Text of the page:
Time 2.9 hrs

Difficulty Intermediate
Prerequisites Instantiation
Departments Science
Authors Sandra Kuipers
Groupings Individual
Minimum Year Group None




This work is shared under the following license: Creative Commons BY-SA-NC


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Interdisciplinary Connections
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5 mins
Unity Components
  • Components are the basic building block in Unity.
  • Every script is, by default, a component.
  • Using components, we can build up more and more complex logic.
  • In this unit, we'll look at what components are, and how components interact with each other.
10 mins
The Component Model

  • Unity uses a software architecture called Component-based Architecture.
  • Component architecture is useful for:
    • Re-usability - create a component for each game behavior, and use it in many different places.
    • Fast development - compose new object behaviors by combining existing components.
    • Collaboration - programmers can create the components that designers use to create scenes.
5 mins
Game Objects
The Basics

  • A GameObject is a blank-slate.
  • Every object is built by adding components to your GameObjects.
    • Your player is a GameObject.
    • Your scene in made up of GameObjects.
    • Your user interface is also GameObjects.
    • Each object simply has different components.
  • This type of architecture uses composition to create unique behaviour.

  • By default, every GameObject has a transform component.
  • This component controls the object's position in the game scene.
  • Other built-in components can be added, such as colliders and render meshes.
  • You can also create your own components by writing a script and adding it to the object.
  • Check out the docs for some great resources:
10 mins
Accessing Components
Digging In
  • To create complex behaviour, you'll need to access one component from inside another component.
  • For example, if a player is damaged in a game, the player object may need to communicate with the UI to display the current player health.
  • Communicating between objects is done by accessing the component of another object.
    • This can be done by pre-defining a variable and connecting it before the game starts.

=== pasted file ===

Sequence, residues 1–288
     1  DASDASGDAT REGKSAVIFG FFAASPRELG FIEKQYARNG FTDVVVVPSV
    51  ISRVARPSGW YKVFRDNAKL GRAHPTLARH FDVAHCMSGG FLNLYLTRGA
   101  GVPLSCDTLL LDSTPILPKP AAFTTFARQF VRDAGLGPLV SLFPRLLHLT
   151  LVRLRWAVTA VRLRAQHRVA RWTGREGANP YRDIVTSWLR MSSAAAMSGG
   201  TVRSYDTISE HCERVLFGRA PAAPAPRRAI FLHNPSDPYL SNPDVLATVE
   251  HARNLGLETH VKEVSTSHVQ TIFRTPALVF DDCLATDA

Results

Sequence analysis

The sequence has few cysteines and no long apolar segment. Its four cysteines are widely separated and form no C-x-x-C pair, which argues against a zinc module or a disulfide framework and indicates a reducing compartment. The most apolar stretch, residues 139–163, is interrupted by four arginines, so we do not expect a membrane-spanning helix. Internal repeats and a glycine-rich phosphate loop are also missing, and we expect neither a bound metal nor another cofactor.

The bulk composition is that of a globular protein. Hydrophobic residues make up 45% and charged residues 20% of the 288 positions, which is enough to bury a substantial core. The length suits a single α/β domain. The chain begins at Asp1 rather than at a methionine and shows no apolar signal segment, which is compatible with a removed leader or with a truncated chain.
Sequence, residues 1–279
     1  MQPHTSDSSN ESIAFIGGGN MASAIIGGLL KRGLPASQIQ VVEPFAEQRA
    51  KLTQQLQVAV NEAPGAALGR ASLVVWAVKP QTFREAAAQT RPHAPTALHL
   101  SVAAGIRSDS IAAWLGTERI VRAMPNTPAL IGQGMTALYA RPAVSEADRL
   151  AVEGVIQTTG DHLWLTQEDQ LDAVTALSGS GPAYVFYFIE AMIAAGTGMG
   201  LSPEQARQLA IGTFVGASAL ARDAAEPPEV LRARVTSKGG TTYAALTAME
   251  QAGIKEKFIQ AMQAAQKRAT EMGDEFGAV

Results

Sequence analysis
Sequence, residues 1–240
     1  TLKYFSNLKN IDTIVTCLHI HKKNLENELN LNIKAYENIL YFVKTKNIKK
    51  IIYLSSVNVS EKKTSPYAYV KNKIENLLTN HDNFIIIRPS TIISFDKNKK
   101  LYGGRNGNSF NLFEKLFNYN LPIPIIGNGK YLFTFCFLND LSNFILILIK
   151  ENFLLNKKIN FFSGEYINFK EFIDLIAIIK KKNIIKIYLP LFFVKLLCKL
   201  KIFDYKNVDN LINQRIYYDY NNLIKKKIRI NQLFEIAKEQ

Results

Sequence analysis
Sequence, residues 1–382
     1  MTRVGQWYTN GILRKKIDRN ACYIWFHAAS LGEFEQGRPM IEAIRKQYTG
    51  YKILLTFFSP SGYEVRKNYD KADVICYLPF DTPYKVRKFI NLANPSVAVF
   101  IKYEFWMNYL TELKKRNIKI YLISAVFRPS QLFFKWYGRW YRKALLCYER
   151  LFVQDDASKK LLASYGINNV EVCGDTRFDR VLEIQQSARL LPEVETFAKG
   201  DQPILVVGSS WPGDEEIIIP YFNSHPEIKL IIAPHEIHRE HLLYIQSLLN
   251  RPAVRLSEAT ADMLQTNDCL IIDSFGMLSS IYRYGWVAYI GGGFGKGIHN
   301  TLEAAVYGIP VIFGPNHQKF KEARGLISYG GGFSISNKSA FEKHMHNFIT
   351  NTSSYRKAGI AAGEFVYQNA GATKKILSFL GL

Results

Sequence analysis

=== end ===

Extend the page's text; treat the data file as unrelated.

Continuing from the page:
• Or, you can use the GetComponent() method to access a component during run-time.

10 mins
Broadcasting Messages
Digging In
  • Another way to communicate between components is the SendMessage() or BroadcastMessage() methods.
  • SendMessage() These lets you call a method on every other component in the same GameObject.
  • BroadcastMessage() is similar, but also calls the method on any children of the GameObject.

  • Messages are handy because you don't need to know who the receiver is.
  • You can send a message, and any other object able to run the method you've called will receive it.
5 mins
Managing Communication

  • Communicating between components is essential.
  • As your projects become more complex, you may need a central object to facilitate communication.
  • These are often called Game Manager scripts (or Game Controller).
    • A manager script is an invisible object in your game.
    • It connects different parts of your game to communicate important events.
    • You might have a player manager, an enemy manager, an audio manager, and more.
    • Manage scripts are often wired-up with variables that connect to other managers.
10 mins
More Resources
Useful Links
  • To complete this unit, you may need some additional tutorials and resources.
  • The following tutorials can help get you started.
  • Be sure to search for more docs and tutorials as you go.

120 mins
Your Tic-Tac-Toe Game
  • Tic-tac-toe is a game of placing Xs and Os to be the first to complete three-in-a-row.
  • Can you program a tic-tac-toe game in Unity?
  • It seems like a simple game on the surface, but it'll require some complex logic.

  • The game will need a few basic elements:
    • A background providing a backdrop for the the entire game.
    • An element that will be our game board.
    • An element, or set of elements, that breaks the game board up into nine areas in an even grid.
    • Nine tiles that can be assigned either an "X" or and "O", but once assigned these values will persist and not be changeable by the players - either the current player or the opponent.
    • Logic to change sides when a player takes their turn.
    • Logic to check for a "Win" condition, allowing for draws where no one wins.
    • A panel that displays who is the winner when the game is over.
  • For polish, you could add some other helpful elements:
    • A way to choose the starting player's side, "X" or "O".
    • An indicator of whose turn it is.
    • A restart button.
    • Very basic instructions.
  • Feel free to grab some graph paper or create a flow chart to help plan out the logic of your game.
  • If you prefer to follow instructions, there is a complete tutorial for creating a tic-tac-toe game.
  • However, you're also welcome to challenge yourself to create this game from scratch!
  • Once you've programmed and tested your tic-tac-toe game, upload the project to Drive and share a link to the project folder as evidence of your learning in this unit.
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